‘In great hands’

Symbolically, Donna Torrisi passed the torch to Emily Nichols. Literally, Torrisi passed Nichols the white buffalo.

When Torrisi retired this year after 27 years as Executive Director of RHD’S Family Practice & Counseling Network, she pulled the statue of a white buffalo (“It symbolizes hope, and optimism, and a sense that good things are coming,” Torrisi said) off her desk and gave it to her successor. Nichols has been an integral part of the health network since she became the Center Director of The Health Annex, FPCN’s health center in Southwest Philadelphia, and now takes over as Executive Director of FPCN, the largest nurse-led health care network in the country. And today the white buffalo sits on her desk, in a sunny office inside the Abbottsford Falls location of FPCN. Nichols had been Director of Operations for FPCN since 2013, working directly with Torrisi.

“We complimented each other,” Nichols said. “While our styles were different, we shared many of the same core values about the work, who we serve and the importance of recognizing systemic racism and how it has affected our patients’ lives.

“A couple of months before she retired, Donna said, ‘All right Emily, I built the first floor, it’s time for you to build the second floor.’ I’m looking at taking this awesome base and expanding it. Growing within — improving within. I’m excited about it.”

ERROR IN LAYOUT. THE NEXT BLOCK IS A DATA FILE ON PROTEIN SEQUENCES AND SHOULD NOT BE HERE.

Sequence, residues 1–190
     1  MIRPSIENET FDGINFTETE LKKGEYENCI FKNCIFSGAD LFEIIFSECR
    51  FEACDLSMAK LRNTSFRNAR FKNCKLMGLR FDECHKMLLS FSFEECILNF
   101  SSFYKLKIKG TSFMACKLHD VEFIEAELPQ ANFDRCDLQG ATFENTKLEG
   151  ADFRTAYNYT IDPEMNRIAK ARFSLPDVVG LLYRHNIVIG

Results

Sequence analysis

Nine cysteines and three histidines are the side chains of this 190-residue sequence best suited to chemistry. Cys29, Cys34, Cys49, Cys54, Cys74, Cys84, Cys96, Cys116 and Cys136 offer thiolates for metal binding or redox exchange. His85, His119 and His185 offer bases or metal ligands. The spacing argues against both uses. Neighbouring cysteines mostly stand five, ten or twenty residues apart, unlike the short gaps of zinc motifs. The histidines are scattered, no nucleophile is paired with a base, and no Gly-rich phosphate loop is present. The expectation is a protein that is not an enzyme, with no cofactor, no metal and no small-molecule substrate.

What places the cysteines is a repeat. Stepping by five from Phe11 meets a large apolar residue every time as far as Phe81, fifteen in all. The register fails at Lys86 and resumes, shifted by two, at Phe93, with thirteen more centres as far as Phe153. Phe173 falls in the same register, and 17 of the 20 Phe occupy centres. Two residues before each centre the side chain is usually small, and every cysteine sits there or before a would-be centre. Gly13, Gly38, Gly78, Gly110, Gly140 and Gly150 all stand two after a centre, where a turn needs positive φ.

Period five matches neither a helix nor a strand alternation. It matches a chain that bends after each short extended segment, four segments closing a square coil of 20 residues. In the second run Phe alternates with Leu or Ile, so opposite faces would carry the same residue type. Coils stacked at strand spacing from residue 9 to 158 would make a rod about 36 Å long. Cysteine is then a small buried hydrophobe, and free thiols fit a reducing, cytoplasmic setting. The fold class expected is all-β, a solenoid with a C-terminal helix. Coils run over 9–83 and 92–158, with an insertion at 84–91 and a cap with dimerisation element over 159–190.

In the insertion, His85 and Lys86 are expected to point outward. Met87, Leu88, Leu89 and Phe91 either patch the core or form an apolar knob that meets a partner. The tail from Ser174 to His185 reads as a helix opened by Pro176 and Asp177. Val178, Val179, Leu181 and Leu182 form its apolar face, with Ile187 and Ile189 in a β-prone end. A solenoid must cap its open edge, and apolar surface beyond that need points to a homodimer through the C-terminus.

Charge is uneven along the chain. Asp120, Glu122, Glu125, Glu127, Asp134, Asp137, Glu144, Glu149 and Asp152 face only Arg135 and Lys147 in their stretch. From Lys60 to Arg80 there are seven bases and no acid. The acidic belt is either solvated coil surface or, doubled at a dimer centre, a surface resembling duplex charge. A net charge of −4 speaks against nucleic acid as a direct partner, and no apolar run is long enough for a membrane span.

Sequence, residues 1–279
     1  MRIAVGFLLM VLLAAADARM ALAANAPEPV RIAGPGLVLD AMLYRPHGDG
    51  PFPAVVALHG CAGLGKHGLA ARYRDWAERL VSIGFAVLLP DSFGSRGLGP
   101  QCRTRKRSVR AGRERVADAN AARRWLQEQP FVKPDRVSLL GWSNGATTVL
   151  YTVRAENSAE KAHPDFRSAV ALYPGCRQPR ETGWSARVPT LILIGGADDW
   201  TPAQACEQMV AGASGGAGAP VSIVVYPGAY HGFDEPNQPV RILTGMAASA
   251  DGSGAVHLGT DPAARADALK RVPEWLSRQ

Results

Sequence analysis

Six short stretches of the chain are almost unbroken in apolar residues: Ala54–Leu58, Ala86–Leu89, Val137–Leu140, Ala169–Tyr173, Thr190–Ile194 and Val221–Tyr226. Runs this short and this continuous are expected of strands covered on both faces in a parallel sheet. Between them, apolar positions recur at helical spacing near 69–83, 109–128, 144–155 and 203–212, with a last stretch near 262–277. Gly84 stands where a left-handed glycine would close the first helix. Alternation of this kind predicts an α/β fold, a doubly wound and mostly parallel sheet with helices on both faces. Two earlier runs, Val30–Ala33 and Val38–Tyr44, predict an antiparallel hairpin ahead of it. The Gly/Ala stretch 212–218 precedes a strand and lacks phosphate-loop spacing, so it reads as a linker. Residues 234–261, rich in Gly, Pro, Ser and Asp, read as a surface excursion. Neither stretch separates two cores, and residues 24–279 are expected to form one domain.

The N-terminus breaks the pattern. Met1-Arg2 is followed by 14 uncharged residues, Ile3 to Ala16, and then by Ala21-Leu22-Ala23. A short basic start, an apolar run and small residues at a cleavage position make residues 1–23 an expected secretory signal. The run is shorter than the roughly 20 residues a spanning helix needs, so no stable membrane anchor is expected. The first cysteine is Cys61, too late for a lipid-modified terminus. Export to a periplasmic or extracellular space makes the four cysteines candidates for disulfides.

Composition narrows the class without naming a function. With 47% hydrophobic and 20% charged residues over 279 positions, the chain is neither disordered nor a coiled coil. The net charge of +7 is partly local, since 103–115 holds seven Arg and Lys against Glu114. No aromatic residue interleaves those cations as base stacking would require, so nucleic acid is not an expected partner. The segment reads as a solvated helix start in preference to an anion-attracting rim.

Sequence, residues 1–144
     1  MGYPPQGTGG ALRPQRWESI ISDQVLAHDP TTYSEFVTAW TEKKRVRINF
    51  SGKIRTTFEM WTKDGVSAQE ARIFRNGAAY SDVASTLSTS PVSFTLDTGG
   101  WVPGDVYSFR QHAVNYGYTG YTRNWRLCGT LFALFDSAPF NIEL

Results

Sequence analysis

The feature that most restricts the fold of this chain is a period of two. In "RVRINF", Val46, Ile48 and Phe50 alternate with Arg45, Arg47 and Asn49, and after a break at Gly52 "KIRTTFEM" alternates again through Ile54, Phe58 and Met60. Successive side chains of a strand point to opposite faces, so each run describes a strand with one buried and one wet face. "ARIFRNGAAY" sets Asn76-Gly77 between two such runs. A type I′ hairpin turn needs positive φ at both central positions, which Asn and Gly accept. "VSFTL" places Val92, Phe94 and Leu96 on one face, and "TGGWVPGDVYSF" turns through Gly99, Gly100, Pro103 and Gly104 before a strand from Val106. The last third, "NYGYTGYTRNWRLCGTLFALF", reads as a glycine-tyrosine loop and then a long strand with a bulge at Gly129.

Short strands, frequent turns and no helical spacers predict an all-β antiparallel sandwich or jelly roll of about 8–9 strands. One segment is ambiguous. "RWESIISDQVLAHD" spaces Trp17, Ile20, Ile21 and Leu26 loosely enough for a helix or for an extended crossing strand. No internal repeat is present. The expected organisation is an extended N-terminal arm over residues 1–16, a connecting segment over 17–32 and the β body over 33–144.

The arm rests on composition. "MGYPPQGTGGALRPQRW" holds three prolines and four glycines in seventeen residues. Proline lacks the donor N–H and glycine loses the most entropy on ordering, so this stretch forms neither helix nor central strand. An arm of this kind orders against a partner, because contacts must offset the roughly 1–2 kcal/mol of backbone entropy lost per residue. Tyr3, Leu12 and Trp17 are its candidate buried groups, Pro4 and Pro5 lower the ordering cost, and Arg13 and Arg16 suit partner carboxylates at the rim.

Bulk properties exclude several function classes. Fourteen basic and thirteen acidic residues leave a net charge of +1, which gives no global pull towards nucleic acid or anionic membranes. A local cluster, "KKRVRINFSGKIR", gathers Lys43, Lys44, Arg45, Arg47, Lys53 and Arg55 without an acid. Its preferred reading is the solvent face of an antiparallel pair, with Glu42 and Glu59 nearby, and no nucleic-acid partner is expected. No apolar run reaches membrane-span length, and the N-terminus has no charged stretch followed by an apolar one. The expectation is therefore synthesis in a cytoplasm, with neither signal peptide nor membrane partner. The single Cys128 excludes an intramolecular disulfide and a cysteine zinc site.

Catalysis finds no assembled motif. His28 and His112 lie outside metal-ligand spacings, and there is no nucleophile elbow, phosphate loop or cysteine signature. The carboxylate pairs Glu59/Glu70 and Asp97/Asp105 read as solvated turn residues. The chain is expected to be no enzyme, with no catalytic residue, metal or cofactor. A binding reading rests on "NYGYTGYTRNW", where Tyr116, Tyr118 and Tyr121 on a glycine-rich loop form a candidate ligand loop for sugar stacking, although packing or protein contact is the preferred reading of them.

“She is a fabulous leader,” Torrisi said. “Emily Nichols cares deeply about people, and cares deeply about the health centers. She brings so many gifts — sincerity, integrity, commitment, a great sense of humor. FPCN’s future is in great hands.”

Nichols’ passion to work with underserved populations came from the values instilled in her by her parents. Nichols’ mother was a high school English teacher.

“Somehow the kids with the most challenges found their way to our home,” Nichols said. “My mother felt she could give them some mentoring and guidance. Through this, I felt a responsibility to give back to people who may not have been as fortunate as me. It created my foundation.”

Nichols received a BA in Public Health from Johns Hopkins University. While in college she volunteered in East Baltimore helping women and babies with HIV. Nichols went on to receive an MPH in Behavioral Science from Emory University and in 2010, became the center director of the Health Annex, FPCN’s health center in Southwest Philadelphia. At the Health Annex, Nichols found her voice and absorbed the high standards that hallmark FPCN health centers.

“I developed good relationships with people there, but also figured who I am as a leader,” she said.

In 2013, Nichols became director of operations for FPCN — a role that allowed her to work directly with each of the five FPCN center directors to define policies that best served their respective communities. She also expanded FPCN’s use of technology to assist with practices and provide important data.

“I am a big data person — I’m asking what is the data saying? What is the story behind the data? It’s a big love and I want to keep moving it forward,” explained Nichols.

Under Nichols’ direction, FPCN will be growing in additional areas, including increasing community engagement for each health site. On the immediate horizon, Nichols will be overseeing the opening of The Family Health and Birth Center, the only birth center in Philadelphia where women are engaged in their experience of childbirth, with better outcomes and lower costs.

“I want FPCN to be known as an innovative and integrated model of care across all disciplines for the good of our patients,” said Nichols. “We need to meet them where they are, provide comprehensive trauma informed services for whatever they need. They deserve it and we need to provide that for them.”